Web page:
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The Cenotaph, erected in the St. Norbert Cemetery, was an over-grown, long forgotten homage to the thirteen men who fought and died in World War I and who were connected to the St. Norbert area.

In 2008, Art Bloomfield, long-time St. Norbert resident, took a closer look at the overgrown monument while walking his young grandson to preschool. Soon after, he and his family made it their personal mission to ensure that the cenotaph and those thirteen men whose names are etched in stone were forgotten no more.

Celebrate and honour these men at the 11th hour, of the 11th day, of the 11th month.

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Regimental #1013437

Born:  March 17, 1890, St. Norbert MB

Occupation:  Carpenter

Enlisted:  January 31, 1917, 21st Company, Canadian Forestry Corps

Died on Duty:  October 28, 1918 (28 years) of pneumonia in a hospital in Boulogne, France


While born to Octave and Alphonsine Lord, Alfred's Attestation paper refers only to his sister, Cecile, as his next of kin. This 26 year old, Roman Catholic, single man measured 5 foot 4.5 inches tall and weighed 130 lbs. With a fair complexion, he had blue eyes and dark brown hair.

image of the Cap Badge for the 230th Forestry Corps
230th (Forestry) Bn
Cap Badge

Alfred Lord was the only one noted on the cenotaph who enlisted in a non-combat unit, the Canadian Forestry Corps.  The CFC provided raw and milled lumber to the Allies on the Western Front.  One little known fact about the CFC is that they had two companies that specialized in building airfields, some of which became famous as RAF stations during World War Two.  Alfred enlisted with the 230th (Forestry) Bn, a francophone battalion headquartered at Ottawa.  The 230th raised and sent at least 6 RD's to England, but did not cross the Atlantic as a battalion.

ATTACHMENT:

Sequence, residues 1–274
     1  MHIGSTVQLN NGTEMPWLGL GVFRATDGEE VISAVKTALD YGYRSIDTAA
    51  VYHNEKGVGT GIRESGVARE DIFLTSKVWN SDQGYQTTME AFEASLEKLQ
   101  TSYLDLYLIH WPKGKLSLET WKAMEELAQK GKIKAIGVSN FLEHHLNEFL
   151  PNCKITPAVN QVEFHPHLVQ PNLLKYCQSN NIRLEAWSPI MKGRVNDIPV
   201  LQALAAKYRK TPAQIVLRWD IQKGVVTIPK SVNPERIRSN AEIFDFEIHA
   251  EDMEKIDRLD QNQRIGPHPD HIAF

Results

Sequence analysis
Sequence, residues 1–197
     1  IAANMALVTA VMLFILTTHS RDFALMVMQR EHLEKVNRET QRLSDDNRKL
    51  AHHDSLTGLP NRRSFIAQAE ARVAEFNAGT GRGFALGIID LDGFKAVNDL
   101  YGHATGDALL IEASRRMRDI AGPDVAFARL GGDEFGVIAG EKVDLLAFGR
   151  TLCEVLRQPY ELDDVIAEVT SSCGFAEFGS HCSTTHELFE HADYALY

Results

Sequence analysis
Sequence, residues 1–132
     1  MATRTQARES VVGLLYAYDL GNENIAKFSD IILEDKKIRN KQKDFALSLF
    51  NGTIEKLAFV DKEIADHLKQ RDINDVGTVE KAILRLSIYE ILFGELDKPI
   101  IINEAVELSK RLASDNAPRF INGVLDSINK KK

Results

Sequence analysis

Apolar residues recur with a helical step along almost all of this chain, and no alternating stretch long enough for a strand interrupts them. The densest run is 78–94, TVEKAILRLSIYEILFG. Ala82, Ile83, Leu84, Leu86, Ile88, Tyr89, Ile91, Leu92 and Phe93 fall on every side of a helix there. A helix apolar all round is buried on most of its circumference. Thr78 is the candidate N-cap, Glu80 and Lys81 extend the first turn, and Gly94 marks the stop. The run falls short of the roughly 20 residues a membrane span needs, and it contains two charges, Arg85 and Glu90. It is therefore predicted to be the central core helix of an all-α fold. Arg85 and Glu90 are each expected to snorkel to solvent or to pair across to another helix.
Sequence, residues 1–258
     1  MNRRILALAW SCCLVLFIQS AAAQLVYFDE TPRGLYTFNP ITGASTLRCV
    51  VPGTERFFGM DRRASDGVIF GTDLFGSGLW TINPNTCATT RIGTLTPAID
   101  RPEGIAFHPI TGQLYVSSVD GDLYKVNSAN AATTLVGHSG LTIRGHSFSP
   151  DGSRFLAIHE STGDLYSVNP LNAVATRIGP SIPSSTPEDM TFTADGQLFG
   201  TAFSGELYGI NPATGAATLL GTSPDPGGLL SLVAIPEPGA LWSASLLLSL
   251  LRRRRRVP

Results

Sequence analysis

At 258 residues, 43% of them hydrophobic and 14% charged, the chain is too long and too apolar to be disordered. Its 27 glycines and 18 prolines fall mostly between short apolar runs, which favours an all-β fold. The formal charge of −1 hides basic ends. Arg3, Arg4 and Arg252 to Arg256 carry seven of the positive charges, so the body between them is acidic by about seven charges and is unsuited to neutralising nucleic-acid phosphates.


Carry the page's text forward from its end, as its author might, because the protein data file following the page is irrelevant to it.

He was posted to the 21st Company of the Jura Group, based near the French town of La Joux, on the French-Swiss border.  The 21st Company was a long way from the war.  In October, 1918, he was granted leave to the UK.  When his leave boat returned to Boulogne, he reported sick and was hospitalized.  A week later, at #23 Casualty Clearing Station, he was dead.  The official cause of death was Pneumonia, but he and Joseph Frobisher may have been two early victims of the Influenza epidemic about to sweep Europe and Canada.

Manitoba Vital Statistics recorded his name as Joseph Alfred Olivier Lord on his birth registration.

Attestation and other Papers
His grave is in the Terlincthun British Cemetery, Pas de Calais, France, VI. E. 16
He is commemorated in the First World War Book of Remembrance, page 451
His name is inscribed on the St Norbert, MB War Memorial
Veterans Affairs Canada Link
Library and Archives Canada File RG150, 1992-93/166, Box 5738-17

*with files from Jim Busby and Brian Cyr

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